Lamar Miller, RB, MIA, 5’11’’, 212 lb., 4/25/1991
After a week 1 that left much to be desired, Lamar Miller has posted three straight games above 60 yards rushing. Through four weeks, the Miami Hurricane is on pace for 784 rushing yards and 8 TDs, adding an average of 1 catch per game. Miller is crystal clearly the best back for the Dolphins, and will undoubtedly get a larger piece of the pie prospectively. Daniel Thomas is a far inferior option in every facet of the game. Miller pairs elite speed with above average vision for a player his age – he’s at his best when he feels a hole and attacks. He has the skill-set to be an every-down player, and will continue to gain the coaching staff’s trust on third downs. It might be 2014 before you have a rock solid RB2 on your roster, but you must buy immediately.
Conclusion – HOLD/BUY up to RB7
Colin Kaepernick, QB, SF, 6’4’’, 230 lb., 11/3/1987
Through four weeks, the bicep-kissing Colin Kaepernick has notched 68 completions on 117 attempts (58%) for 856 yards, a 5 TD to 4 INT ratio, and added just 26 rushes for 140 yards and no TD. Times like these are where you must look past the box scores – Kaepernick is a hyper-elite talent. While true that Kaepernick needs other playmakers to step up, it isn’t imperative that happens this season for his dynasty standing. He throws the football like few in the league can, and should add to his rushing total more than the currently projected 560 yards and no touchdowns. It seems silly to assume that Kaepernick has reached his ceiling at just 25 years old. Owners of a Drew Brees would be wise to sell out now, take the short-term hit, and enjoy the next 10 years of production from Kaepernick.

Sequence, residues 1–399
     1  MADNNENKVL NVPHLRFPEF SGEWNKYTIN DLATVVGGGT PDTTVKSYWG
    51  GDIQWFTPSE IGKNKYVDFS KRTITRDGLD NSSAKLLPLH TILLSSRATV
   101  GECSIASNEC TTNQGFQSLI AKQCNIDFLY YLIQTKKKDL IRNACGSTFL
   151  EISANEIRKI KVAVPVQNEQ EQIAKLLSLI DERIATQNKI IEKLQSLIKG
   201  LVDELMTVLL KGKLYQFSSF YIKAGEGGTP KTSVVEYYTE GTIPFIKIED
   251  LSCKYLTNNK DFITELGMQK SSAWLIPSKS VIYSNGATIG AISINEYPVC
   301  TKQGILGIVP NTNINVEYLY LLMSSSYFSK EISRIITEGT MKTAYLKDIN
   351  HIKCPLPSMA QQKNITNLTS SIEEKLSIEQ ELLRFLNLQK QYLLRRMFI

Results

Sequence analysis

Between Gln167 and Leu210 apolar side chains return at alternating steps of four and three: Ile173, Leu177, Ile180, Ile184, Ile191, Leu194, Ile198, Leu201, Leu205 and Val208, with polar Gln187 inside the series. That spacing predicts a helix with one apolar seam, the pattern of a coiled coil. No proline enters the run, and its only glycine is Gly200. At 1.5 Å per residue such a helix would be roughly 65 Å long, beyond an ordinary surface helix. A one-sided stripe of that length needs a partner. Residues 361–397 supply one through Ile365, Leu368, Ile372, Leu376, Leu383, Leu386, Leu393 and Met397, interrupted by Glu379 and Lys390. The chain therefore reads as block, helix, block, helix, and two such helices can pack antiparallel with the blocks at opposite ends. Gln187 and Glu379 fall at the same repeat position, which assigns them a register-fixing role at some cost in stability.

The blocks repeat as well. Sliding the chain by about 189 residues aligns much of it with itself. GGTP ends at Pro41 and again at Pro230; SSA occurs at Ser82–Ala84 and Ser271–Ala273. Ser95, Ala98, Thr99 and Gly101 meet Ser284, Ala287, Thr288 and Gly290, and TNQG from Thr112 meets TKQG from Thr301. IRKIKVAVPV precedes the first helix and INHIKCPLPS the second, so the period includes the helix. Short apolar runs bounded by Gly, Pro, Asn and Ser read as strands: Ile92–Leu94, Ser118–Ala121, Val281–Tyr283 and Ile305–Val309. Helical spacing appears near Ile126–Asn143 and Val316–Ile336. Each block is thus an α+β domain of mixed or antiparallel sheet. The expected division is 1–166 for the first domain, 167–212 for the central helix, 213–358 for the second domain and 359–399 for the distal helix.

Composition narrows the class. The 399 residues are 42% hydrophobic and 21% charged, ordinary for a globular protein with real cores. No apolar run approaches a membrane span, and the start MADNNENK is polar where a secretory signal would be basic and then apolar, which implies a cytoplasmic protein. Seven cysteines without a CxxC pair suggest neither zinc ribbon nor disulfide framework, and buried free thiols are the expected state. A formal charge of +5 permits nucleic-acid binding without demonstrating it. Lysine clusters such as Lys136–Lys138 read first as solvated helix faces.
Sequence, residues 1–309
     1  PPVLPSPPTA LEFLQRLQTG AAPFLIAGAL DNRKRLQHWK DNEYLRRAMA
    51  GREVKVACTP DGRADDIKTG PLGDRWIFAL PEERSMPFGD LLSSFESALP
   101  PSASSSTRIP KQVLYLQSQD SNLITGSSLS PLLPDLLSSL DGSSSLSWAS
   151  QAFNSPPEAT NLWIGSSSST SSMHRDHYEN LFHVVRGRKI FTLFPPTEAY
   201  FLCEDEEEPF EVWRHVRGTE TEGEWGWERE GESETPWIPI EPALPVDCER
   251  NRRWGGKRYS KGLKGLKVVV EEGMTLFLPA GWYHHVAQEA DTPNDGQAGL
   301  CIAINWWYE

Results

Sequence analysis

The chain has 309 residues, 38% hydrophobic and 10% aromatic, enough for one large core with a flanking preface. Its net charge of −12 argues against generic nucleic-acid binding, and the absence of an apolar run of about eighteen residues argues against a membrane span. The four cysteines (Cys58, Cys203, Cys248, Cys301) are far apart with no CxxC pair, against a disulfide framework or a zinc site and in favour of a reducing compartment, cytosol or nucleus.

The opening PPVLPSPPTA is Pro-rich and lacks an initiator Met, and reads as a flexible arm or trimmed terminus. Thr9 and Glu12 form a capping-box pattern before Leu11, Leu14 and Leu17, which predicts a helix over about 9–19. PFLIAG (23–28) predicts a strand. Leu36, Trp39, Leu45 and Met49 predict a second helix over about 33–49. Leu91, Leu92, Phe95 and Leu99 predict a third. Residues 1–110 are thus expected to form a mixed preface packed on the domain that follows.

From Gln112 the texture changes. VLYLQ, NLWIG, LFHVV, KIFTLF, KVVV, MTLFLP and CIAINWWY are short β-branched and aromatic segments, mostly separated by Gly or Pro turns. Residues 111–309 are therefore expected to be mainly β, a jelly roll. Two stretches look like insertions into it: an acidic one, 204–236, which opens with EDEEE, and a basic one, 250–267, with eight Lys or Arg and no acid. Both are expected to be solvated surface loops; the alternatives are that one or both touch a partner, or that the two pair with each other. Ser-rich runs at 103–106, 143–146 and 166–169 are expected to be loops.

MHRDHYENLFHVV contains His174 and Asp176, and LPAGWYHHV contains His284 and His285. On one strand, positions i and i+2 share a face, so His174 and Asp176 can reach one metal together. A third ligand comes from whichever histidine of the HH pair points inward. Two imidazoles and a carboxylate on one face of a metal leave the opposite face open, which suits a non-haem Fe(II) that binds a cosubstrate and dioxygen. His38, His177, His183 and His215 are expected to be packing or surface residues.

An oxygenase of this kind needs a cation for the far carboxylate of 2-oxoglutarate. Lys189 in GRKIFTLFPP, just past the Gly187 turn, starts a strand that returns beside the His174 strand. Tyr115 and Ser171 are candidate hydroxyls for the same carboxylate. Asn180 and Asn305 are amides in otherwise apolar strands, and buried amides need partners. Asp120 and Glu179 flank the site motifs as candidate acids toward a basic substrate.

Conclusion – HOLD/BUY up to QB4
Frank Gore, RB, SF, 5’9’’, 217 lb., 5/14/1983
After a slow start to the season, Gore exploded against the division rival Rams in week 4 for 153 yards and a TD on 20 carries. On the year, Gore has 295 yards and 2 TD on 61 carries. Gore does not run like a 30 year old, but you cannot ignore his age. Luckily, Gore runs behind one of the better offensive lines in football. Gore has not been involved in the passing game as much as prior years, catching just 5 passes through 4 weeks. Gore owners in a position to sell should approach running back needy teams (aside – Gore was dealt in one of my leagues for Christine Michael, a beautiful sell of Gore). On the flipside, Gore is a decent low-cost option for teams needing that solid RB2 for the playoff push.